South Sudan, Letter 3, Learning history and current events.

April 14, 2012 Juba, South Sudan Dear Friends, On Friday the thirteenth the newsroom was full for our morning editorial meeting. South Sudan had captured Heglig, a region just north of the border, in Sudan (an area that happens to have a major oil field.)  This came after several weeks of (North) Sudan bombing towns and refugee camps in the South.  The African Union (AU) and the UN had asked South Sudan to withdraw its troops.  On Thursday South Sudanese President, Salva Kir, had given a stirring and bellicose speech in Parliament to a romping and stomping floor, no withdrawal.  … Continue reading South Sudan, Letter 3, Learning history and current events.

South Sudan, Letter two, Small Road Trip

April 8, 2012 Easter Sunday Juba, South Sudan Dear Friends, Friday, April 6:  Everyone is waiting for the rain. When the rain comes this area is very productive, if not, famine.  It looks encouraging.  On Sunday the barometer dropped and we got thunder and lightning signifying, for that day at least, nothing.  Monday and Tuesday the clouds teased us.  Wednesday night we got our first downpour.  I sat on the verandah looking at kids running in the rain, but the rain was short. On Thursday afternoon we got another brief downpour, followed by more sun.  Thursday night the rain on … Continue reading South Sudan, Letter two, Small Road Trip

Juba Letter 1, First Impressions

April 1, 2012 Juba, South Sudan Dear Friends. At the bar Saturday night (anti-malarial gin and tonics or Stony Ginger Beer) an American raised as a missionary son now working for a USAID funded fish farming project building ponds along both the Nile and Congo said, “Welcome to Africa.  Kenya and Uganda are just ‘Africa lite.’ This is the ‘real’ Africa.  You’re not in Nairobi anymore.” I’m staying at the Jebel Lodge, a fenced compound of metal pre-fab buildings.  I have my own cabin near the fence on the far side of the compound from Rock City, which is a … Continue reading Juba Letter 1, First Impressions

South Sudan

When it comes to media in South Sudan — radio is king.  Radio plays to the country’s oral tradition.  Further, there is limited electric power distribution.  The country is poor and TVs are expensive.  Finally TV coverage has not reached much of the country.  Radio is perfet for a country like this.  Radio sets don’t require much infrastructure.  Radios can be powered by batteries, solar cells or hand cranks. South Sudan had just become the world’s newest nation after decades of civil war with the North.  The infrastructure was ruined and radio is playing a central role in nation building, … Continue reading South Sudan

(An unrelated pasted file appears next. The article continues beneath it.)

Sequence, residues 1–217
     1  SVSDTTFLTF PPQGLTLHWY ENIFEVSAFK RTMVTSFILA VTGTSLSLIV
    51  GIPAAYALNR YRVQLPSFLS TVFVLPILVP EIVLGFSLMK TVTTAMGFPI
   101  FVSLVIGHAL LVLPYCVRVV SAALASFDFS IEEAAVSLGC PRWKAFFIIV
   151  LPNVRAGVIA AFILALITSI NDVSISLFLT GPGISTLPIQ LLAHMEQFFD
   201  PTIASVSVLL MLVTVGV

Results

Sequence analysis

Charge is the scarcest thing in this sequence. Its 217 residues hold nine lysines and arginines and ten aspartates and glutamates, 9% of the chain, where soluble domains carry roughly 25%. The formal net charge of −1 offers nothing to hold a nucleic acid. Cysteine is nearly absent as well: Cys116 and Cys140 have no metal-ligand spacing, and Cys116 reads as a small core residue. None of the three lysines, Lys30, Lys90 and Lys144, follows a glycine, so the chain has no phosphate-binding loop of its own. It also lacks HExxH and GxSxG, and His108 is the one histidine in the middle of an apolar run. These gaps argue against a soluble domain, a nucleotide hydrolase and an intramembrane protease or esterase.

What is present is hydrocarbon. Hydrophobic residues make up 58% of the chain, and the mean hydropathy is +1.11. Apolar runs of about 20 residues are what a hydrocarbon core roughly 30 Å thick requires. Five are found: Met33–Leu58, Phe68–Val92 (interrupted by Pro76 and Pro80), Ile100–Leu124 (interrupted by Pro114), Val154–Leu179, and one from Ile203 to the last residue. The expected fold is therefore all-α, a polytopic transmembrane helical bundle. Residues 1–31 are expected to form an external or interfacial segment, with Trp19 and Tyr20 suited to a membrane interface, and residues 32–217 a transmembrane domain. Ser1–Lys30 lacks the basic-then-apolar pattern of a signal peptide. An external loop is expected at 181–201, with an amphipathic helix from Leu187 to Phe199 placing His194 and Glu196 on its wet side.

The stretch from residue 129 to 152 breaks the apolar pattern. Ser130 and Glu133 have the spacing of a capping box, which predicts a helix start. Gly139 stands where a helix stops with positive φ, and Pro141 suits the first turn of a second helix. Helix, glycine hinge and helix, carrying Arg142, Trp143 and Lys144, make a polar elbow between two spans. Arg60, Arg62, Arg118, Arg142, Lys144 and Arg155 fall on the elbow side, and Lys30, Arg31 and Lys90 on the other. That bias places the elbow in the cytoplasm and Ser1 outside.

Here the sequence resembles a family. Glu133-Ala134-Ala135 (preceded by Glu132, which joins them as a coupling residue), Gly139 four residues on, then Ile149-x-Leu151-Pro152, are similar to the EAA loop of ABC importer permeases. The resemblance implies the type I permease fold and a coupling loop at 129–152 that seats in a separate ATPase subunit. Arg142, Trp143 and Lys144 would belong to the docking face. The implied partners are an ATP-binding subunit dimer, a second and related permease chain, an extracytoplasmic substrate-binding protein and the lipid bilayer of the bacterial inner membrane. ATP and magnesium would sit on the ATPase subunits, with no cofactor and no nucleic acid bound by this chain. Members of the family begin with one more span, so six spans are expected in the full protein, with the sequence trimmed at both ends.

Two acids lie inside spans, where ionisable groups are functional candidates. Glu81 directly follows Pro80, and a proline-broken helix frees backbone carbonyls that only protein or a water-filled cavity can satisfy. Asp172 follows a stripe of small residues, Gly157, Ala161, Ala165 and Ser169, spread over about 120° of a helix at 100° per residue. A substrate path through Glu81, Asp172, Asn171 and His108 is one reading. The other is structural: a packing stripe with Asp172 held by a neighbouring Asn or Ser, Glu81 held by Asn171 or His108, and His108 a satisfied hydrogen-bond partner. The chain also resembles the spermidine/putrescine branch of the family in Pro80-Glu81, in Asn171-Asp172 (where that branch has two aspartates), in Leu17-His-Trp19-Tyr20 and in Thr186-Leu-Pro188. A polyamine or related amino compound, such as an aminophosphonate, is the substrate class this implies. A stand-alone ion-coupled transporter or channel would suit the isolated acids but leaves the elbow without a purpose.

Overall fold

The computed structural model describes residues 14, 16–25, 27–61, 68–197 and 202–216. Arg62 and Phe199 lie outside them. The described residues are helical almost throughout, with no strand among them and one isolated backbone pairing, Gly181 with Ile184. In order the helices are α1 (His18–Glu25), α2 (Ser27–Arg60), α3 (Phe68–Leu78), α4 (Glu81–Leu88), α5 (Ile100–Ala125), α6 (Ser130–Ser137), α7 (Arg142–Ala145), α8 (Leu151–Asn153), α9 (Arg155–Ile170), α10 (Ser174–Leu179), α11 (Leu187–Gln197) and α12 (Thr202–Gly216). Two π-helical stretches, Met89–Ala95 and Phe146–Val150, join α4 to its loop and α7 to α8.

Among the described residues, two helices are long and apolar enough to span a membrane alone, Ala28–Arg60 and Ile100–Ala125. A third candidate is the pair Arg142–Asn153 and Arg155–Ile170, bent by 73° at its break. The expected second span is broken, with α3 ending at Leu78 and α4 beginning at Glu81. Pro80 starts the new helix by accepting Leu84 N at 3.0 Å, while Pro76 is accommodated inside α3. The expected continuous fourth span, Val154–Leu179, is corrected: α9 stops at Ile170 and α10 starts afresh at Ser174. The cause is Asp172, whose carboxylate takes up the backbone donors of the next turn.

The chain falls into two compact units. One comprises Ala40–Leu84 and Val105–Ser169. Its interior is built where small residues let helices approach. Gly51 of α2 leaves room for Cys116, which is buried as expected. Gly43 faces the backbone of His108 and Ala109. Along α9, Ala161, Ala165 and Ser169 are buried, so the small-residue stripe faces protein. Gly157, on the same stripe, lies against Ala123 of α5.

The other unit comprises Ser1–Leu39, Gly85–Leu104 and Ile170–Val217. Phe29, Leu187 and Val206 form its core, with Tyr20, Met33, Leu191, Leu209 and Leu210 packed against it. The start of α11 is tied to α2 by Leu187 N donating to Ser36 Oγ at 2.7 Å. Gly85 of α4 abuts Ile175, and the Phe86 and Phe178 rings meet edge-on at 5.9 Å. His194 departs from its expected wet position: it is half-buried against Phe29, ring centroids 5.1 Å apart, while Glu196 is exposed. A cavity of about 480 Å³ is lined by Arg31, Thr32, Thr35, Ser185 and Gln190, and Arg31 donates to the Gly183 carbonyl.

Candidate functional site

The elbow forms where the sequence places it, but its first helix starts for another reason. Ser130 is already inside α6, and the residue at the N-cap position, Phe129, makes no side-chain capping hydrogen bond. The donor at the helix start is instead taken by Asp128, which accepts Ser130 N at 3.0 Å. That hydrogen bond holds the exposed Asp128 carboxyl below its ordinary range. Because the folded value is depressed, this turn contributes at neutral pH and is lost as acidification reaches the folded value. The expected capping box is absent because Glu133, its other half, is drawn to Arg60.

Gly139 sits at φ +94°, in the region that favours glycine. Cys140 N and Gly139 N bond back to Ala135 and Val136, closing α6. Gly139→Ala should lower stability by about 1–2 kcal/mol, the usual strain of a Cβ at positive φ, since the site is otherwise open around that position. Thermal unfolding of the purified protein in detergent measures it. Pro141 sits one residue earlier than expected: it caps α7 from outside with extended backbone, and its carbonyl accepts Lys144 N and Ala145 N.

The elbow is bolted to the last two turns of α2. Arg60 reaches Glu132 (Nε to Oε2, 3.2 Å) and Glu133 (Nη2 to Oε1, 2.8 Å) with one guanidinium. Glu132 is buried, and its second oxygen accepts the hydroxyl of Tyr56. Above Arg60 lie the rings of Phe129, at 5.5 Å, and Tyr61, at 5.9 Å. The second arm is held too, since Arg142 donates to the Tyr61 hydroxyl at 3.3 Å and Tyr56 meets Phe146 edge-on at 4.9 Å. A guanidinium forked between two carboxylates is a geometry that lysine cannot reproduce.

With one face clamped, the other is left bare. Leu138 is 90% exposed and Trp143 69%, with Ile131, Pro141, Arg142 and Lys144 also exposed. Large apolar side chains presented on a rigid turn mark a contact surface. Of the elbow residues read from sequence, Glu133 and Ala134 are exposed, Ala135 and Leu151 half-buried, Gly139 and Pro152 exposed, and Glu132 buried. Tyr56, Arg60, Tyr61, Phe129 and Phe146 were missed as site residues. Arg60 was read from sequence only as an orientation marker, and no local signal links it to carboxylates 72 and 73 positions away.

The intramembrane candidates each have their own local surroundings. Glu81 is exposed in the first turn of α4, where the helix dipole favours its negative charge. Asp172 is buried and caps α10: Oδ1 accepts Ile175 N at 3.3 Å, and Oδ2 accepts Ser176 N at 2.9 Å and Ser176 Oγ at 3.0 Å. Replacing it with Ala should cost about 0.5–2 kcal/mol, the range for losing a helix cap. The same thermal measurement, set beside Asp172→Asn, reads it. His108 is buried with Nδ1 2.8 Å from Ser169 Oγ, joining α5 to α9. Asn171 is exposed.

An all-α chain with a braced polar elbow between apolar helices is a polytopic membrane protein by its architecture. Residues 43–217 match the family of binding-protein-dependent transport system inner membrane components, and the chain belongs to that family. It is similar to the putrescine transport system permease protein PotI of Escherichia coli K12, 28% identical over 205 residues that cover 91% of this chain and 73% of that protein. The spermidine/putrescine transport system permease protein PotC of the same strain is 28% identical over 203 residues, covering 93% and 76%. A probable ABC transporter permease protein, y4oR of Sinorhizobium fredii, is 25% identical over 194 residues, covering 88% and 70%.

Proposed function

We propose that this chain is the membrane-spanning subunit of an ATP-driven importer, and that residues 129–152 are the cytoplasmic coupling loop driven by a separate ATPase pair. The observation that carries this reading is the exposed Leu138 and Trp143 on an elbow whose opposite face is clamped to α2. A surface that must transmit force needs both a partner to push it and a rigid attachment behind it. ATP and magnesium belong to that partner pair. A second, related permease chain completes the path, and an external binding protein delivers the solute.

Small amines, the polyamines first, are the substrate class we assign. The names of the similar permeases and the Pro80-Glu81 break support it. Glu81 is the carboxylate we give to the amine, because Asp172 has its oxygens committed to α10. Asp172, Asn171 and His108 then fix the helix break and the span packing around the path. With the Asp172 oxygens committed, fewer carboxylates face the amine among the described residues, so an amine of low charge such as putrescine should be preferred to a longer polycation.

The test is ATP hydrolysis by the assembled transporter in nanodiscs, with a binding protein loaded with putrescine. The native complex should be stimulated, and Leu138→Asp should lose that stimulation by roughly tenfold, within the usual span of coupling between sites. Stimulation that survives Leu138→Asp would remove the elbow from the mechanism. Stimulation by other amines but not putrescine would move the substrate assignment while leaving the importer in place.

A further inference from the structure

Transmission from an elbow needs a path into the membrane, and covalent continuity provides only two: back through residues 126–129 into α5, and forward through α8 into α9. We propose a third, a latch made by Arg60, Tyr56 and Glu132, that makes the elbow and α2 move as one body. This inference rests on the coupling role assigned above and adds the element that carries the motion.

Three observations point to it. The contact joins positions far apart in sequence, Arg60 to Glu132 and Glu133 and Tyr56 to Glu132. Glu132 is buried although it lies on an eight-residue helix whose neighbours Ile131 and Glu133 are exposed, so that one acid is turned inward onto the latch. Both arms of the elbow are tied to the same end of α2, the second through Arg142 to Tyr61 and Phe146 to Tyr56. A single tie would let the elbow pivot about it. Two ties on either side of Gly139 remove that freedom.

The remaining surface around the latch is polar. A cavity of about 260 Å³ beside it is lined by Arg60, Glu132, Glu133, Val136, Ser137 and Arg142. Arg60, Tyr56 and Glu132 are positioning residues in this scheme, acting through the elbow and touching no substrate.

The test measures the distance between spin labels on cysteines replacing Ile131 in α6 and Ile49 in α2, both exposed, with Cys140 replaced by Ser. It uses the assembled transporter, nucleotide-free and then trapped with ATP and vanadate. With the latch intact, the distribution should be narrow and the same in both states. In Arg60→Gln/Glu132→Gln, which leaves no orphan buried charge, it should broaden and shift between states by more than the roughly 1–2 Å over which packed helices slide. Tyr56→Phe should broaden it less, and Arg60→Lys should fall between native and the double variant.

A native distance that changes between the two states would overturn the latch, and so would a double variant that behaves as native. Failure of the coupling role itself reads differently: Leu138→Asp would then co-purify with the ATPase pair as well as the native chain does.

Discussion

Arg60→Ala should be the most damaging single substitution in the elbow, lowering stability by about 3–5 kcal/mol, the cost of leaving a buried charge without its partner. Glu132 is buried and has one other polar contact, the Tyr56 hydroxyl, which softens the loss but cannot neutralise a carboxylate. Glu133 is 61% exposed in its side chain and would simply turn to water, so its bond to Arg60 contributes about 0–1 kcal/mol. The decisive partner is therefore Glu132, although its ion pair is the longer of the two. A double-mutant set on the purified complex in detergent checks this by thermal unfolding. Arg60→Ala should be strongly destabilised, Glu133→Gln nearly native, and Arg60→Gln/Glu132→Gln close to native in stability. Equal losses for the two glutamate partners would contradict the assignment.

Vukovar, Croatia

Note, Vukovar was the first major victim in the Balkan wars of the 1990s.  It is a border town on the Danube, in Croatia but, before the wars, with a slight Serbian majority.  The Serbs finally took the town over but after the Dayton Accords the town was administered by the UN before being turned over to the Croats, 13 days before we arrived.  Our job was to work with the Serbian radio stations in the region to make sure they got licenses from the Croatian government and to help assure that the rights of the Serbian, Roma and Hungarian … Continue reading Vukovar, Croatia

Belgrade, NATO Bombing Sites.

This is from an October 2000 letter from Belgrade, on my first visit to the city after Milosevic lost power– and my first visit since the NATO bombing.   When someone asks “do you want to see the sights” he really means “sites,” the places hit during the NATO bombing.  Like in Pristina, the tour points out how accurate the bombing really was.  People mark time “before bombing, after bombing” always pronouncing the second “b” in bombing.  And when people ask “how has Belgrade changed” they expect me to cite the most visible of the sites, the tall building next … Continue reading Belgrade, NATO Bombing Sites.